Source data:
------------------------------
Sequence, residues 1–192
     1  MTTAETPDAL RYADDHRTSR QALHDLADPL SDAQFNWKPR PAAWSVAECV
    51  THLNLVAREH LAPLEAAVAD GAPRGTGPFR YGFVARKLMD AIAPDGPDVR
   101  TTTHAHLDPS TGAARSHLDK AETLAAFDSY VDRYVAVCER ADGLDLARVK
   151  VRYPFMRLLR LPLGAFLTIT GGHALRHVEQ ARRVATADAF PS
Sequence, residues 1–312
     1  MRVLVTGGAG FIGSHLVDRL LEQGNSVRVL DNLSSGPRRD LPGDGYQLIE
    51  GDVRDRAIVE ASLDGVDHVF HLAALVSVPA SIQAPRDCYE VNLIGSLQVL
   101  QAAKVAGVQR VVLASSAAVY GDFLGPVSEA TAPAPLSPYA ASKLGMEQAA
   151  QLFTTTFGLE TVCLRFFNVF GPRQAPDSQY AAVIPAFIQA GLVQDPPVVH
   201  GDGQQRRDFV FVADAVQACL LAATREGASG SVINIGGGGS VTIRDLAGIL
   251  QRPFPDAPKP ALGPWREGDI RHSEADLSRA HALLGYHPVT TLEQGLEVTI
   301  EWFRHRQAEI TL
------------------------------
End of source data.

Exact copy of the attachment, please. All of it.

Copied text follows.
Sequence, residues 1–192
     1  MTTAETPDAL RYADDHRTSR QALHDLADPL SDAQFNWKPR PAAWSVAECV
    51  THLNLVAREH LAPLEAAVAD GAPRGTGPFR YGFVARKLMD AIAPDGPDVR
   101  TTTHAHLDPS TGAARSHLDK AETLAAFDSY VDRYVAVCER ADGLDLARVK
   151  VRYPFMRLLR LPLGAFLTIT GGHALRHVEQ ARRVATADAF PS
Sequence, residues 1–312
     1  MRVLVTGGAG FIGSHLVDRL LEQGNSVRVL DNLSSGPRRD LPGDGYQLIE
    51  GDVRDRAIVE ASLDGVDHVF HLAALVSVPA SIQAPRDCYE VNLIGSLQVL
   101  QAAKVAGVQR VVLASSAAVY GDFLGPVSEA TAPAPLSPYA ASKLGMEQAA
   151  QLFTTTFGLE TVCLRFFNVF GPRQAPDSQY AAVIPAFIQA GLVQDPPVVH
   201  GDGQQRRDFV FVADAVQACL LAATREGASG SVINIGGGGS VTIRDLAGIL
   251  QRPFPDAPKP ALGPWREGDI RHSEADLSRA HALLGYHPVT TLEQGLEVTI
   301  EWFRHRQAEI TL